You've watched from the sidelines as the perceptions of other farmers about GPS technology evolved from "It'll never work” to "I wouldn't farm without it.” You've observed your neighbors, studied their fields and done your homework. It's time to write some checks and bring GPS technology to your farm.
There will be challenges. There will be times when you'll want to pitch all the displays, wiring harnesses and owner's manuals out of the cab and go back to "just farming.”
But there will also be a moment when you push a button and the tractor, combine or sprayer starts laying out precise, straight swaths and you'll want to stand on top of the cab and shout, "I'm king of the world!”
It's a big jump from sitting on the technological sidelines to that moment of triumph. To help take the plunge into this technology, here are 12 things you need to know before you buy a GPS system:
The basic concept of GPS technology.
The Global Positioning System (GPS) uses a network of satellites to calculate the precise location of a vehicle, piece of farm equipment or hand-held receiver on the face of the Earth.
GPS systems have multiple uses on modern farms.
There are many ways farmers can use GPS technology on the farm:
Yield mapping blends on-the-go yield data with GPS information to create maps that show how yields vary across your fields.
GPS-based guidance systems help direct machines through fields, eliminating the need to follow rows or use mechanical or foam markers.
GPS-guided automated planter and spray boom section controls track a machine's field location and turn on or off planter row units or boom sections as it overlaps previously planted/sprayed areas or passes through no-spray/no-plant areas.
"Growers see savings [with row shutoffs and spray shutoffs],” says Laura Robson of John Deere Ag Management Solutions. "Reducing overplanting and overspraying can reduce input costs.”
GPS systems can guide farm equipment in several ways.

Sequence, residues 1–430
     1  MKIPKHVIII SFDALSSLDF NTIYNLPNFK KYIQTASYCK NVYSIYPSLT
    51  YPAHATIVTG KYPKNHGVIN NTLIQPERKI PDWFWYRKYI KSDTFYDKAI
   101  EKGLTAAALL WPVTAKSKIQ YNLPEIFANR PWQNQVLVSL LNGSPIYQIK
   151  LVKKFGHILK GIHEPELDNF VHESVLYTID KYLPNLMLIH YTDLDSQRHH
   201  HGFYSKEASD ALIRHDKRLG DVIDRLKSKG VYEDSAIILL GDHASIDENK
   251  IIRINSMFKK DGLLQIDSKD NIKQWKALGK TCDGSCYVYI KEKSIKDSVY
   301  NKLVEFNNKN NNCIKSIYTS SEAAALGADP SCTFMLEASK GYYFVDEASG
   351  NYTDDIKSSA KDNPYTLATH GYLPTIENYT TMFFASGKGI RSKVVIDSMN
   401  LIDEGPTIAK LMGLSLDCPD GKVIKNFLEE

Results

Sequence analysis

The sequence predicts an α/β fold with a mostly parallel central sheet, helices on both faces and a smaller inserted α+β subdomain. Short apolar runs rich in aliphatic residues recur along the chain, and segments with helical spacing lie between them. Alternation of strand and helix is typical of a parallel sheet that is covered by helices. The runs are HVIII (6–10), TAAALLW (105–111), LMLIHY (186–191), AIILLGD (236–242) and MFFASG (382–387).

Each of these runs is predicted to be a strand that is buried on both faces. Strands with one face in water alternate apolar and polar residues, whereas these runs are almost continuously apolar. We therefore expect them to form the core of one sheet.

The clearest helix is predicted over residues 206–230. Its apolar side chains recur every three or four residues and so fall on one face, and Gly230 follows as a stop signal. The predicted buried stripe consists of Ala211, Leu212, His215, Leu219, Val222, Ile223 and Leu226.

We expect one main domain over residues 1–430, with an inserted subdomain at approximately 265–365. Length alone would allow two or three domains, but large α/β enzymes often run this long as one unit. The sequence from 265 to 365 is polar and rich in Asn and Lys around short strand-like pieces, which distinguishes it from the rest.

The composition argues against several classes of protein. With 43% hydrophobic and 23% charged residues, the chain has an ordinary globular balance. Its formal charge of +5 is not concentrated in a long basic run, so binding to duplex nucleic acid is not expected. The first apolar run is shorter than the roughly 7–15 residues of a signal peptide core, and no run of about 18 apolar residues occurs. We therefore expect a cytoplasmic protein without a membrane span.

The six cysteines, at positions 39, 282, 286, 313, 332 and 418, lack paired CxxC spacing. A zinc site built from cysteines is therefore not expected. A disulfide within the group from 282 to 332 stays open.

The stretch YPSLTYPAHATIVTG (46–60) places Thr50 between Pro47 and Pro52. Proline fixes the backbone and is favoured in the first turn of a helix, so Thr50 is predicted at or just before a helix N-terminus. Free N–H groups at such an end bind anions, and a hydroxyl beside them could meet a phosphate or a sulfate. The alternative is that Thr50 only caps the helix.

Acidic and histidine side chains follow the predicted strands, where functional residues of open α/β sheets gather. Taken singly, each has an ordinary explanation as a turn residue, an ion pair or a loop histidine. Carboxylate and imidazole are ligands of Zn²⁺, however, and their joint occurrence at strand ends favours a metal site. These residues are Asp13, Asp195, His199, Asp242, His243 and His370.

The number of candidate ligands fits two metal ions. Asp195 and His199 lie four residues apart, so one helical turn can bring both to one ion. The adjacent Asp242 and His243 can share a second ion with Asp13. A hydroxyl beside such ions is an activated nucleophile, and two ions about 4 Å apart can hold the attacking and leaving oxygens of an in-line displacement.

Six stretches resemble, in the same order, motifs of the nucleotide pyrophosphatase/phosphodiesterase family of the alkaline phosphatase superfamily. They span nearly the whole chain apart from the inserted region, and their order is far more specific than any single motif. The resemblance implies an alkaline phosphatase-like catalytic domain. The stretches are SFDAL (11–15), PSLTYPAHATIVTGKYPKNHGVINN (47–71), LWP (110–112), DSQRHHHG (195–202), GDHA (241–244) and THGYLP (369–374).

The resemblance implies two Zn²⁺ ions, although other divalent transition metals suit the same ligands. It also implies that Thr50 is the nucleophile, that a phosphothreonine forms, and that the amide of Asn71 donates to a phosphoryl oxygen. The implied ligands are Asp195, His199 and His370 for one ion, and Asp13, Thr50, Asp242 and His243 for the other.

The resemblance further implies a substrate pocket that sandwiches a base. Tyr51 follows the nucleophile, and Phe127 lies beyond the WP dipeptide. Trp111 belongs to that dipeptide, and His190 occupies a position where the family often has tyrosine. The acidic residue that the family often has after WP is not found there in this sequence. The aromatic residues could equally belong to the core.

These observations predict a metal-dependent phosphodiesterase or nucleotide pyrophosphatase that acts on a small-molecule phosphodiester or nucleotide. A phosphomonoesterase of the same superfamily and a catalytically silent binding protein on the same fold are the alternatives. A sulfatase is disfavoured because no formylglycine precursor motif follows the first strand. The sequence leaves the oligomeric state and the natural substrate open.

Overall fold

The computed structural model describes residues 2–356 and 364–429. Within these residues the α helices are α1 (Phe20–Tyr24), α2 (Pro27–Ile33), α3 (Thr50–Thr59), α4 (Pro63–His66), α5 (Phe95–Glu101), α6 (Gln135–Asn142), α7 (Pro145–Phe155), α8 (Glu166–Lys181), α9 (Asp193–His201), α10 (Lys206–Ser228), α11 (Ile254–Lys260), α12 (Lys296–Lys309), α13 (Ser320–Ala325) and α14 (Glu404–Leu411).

GPS-aided manual guidance is as simple as it gets: The operator pushes a button to establish "Point A,” then drives for a distance and pushes the button again to establish "Point B.” The computer uses GPS technology to create an imaginary, invisible straight line, called an "A–B line,” between the points. It also creates a series of imaginary lines parallel to the A–B line.
On subsequent passes, the operator watches a lightbar or visual display and manually steers to follow those electronic "marks.”
GPS-guided auto-steer systems actually steer machines through the field. Once an A–B line is established and the operator pushes a button to engage auto-steer, the system takes over and steers the machine.
System manufacturers offer alternatives to straight A–B lines for circle-irrigated fields, contoured fields and fields where rows can't run straight.
GPS systems offer varying degrees of precision.
Precision is defined in two ways: accuracy and repeatability.
Accuracy refers to how much an A–B line can vary. If a system advertises 4" to 6" accuracy, it means the A–B line could waver as much as 4" to 6" sideways across the field.
Repeatability is the stability of the A–B line over time. The reasons are complex, but an A–B line established at 8 a.m. can "move” and be offset several yards by sunset due to satellite positions. Repeatability becomes an issue if a farmer wants to precisely follow the same tracks throughout a growing year or strip-till fertilizer in November and then plant precisely into the fertilized strips in May.
Know your goals.
"Before you even think about buying [GPS] technology, consider what you want to do on your farm,” says Sid Siefken of Trimble. "Do you want to plant straighter rows? Apply fertilizer more accurately and efficiently? Maybe you just want to be less tired at the end of the day. A good dealer will listen to your needs and help you select the right levels of GPS technology.”